copper exists as Cu+. There is no similarity between the ZnK
spectra of the sample and those of ZnO and Zn (Figure 3 a).
The intensity of the first oxygen sphere is too weak and the
second sphere (Zn) is almost completely missing. By consid-
www.angewandte.org
Angew. Chem. Int. Ed. 2004, 43, 2839 –2842
Angewandte
Chemie
Table 1: Relevant catalytic properties of the Cu/ZnO/PMS samples.
Sample
Rate of production[a] in [mmolMeOH gcat1 h 1] at
4.6 m2Cu gcat1
6.2 m2Cu gcat1
5.8 m2Cu gcat1
mmolMeOH h 1 m2Cu
Weight % Cu
Weight % Zn
Cu/ZnO[b]
Cu/ZnO/Al2O3[b]
Cu/ZnO/MCM-41
Cu/ZnO/MCM-41
Cu/ZnO/MCM-48
71
167
19
13.8
29.7
4.1
5.8
22.4
10–90
30–50
6.85
9.30
10.62
10–75
20–40
10.44
15.57
21.95
Cu/MCM-41
ZnO/MCM-41
86
184
80
172
36
130
Cu surface area
5–7 m2Cu gcat1
–
n.i[c]
n.i.[c]
10–12
–
–
20.75
[a] The copper surface area was determined using the N2O-RFC (reactive frontal chromatography) technique.[14] After a pretreatment with diluted H2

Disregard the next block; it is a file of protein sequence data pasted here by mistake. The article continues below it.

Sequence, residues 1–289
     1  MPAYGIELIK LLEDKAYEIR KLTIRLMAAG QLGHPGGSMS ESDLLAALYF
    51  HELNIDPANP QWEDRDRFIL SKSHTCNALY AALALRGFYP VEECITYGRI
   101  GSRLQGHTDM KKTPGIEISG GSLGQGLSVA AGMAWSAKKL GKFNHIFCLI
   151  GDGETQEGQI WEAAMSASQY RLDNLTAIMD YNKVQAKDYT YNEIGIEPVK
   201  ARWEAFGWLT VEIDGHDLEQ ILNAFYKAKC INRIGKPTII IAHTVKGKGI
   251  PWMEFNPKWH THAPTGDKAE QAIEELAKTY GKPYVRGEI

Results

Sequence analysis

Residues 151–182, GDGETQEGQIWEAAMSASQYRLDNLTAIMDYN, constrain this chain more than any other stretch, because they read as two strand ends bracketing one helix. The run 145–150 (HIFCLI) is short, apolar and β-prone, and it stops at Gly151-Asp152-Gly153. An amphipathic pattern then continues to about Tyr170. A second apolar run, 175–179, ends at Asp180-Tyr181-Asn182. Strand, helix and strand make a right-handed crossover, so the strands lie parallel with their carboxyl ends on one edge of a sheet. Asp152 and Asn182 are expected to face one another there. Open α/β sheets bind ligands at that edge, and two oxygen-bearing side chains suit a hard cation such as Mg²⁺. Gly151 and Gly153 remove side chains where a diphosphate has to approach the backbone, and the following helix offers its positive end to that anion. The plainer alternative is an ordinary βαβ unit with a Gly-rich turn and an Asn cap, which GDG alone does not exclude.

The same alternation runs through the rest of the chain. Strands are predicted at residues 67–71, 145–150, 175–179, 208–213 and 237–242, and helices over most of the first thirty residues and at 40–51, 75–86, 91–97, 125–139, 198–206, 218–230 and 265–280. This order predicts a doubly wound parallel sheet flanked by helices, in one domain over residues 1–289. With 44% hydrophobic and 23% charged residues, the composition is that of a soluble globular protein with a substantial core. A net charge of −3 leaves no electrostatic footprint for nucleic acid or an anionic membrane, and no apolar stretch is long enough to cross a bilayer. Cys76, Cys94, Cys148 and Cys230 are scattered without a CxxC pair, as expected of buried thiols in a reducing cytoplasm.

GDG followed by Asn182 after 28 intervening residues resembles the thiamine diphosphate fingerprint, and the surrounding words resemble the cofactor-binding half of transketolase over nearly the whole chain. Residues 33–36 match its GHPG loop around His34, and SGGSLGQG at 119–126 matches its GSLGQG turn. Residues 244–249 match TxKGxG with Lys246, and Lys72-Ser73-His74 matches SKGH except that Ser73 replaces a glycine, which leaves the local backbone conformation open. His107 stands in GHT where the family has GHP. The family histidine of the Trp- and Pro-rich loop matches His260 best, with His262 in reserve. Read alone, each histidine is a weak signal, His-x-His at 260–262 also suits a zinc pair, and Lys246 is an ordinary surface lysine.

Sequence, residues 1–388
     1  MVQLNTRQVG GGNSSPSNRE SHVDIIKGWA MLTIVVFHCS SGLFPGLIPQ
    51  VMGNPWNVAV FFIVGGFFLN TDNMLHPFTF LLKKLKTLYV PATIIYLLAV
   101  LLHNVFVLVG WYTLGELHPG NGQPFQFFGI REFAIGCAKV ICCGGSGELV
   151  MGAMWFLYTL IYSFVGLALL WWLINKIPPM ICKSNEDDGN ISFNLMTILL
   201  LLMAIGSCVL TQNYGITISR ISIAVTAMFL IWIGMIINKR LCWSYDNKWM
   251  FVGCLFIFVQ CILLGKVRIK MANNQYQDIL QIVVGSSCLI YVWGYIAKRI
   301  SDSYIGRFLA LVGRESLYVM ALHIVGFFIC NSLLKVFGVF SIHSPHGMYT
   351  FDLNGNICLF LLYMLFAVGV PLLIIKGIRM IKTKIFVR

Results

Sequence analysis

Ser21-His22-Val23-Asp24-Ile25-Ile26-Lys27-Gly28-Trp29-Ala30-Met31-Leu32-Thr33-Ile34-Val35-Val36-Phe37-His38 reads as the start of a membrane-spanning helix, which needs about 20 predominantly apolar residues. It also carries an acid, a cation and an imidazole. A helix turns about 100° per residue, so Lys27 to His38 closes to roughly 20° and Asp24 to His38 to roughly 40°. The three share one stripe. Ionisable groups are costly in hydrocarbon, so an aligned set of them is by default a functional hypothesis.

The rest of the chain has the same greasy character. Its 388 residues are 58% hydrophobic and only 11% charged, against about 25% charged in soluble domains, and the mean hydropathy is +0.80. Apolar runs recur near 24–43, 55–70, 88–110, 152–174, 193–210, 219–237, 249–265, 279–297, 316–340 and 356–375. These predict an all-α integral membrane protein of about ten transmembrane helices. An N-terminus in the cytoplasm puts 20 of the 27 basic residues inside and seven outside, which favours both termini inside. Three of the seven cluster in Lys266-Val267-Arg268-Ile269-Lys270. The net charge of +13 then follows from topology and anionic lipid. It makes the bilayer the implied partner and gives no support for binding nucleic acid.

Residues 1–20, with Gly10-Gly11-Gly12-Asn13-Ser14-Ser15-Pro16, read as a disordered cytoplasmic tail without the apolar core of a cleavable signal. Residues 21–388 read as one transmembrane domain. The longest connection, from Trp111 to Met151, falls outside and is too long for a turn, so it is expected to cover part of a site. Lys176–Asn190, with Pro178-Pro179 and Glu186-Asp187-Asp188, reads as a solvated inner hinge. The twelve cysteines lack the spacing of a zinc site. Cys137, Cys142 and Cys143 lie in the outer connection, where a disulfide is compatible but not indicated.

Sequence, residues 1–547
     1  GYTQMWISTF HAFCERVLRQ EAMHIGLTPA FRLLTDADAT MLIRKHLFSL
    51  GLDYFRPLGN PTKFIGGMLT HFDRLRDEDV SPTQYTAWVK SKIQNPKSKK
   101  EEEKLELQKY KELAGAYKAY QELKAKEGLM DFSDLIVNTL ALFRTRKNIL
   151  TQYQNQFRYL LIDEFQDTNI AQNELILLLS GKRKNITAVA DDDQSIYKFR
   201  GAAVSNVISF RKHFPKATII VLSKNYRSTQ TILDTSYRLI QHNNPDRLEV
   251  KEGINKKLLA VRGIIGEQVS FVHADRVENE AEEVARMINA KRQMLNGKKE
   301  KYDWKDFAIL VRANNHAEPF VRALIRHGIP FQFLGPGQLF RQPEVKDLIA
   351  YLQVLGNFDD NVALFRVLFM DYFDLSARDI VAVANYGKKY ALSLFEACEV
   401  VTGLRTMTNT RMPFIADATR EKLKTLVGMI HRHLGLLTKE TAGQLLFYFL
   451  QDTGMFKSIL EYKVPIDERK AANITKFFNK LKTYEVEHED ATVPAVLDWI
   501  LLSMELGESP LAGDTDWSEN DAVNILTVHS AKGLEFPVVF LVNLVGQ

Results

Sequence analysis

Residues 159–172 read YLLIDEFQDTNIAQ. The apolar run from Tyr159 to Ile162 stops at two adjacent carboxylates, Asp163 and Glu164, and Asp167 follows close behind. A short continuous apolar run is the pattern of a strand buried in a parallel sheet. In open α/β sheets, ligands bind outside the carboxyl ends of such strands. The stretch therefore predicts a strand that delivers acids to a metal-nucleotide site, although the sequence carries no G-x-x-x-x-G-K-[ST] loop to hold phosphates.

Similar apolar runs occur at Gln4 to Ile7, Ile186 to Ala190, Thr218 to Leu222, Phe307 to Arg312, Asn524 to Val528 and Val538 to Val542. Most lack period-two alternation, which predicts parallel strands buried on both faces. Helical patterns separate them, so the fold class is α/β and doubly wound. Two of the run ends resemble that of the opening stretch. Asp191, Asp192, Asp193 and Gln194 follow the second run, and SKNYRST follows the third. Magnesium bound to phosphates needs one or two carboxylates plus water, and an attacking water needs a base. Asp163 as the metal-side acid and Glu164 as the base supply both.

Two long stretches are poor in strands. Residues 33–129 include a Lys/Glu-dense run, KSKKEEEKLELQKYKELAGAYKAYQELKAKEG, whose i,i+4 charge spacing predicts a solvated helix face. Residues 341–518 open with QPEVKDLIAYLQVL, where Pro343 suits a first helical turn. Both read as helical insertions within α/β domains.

atmosphere (2 vol %), the catalyst was kept in flowing N2O (1 vol % N2O in He, 300 K) and the copper surface area was calculated from the produced
nitrogen (density of surface Cu atoms: 1.47 O 1019 m 2). The methanol-synthesis activity was examined under normal pressure at a temperature of
493 K. The synthesis gas used contained of a mixture of 72 % H2, 10 % CO, 4 % CO2, and 14 % He. The listed data were taken after a reaction time of
2 h. Because of the low turnover at ambient pressure, only methanol could be identified as a product. [b] Specific catalytic data of classically produced
catalysts, for which methanol-synthesis performances have been determined under the same conditions as those used for the Cu/ZnO/PMS samples.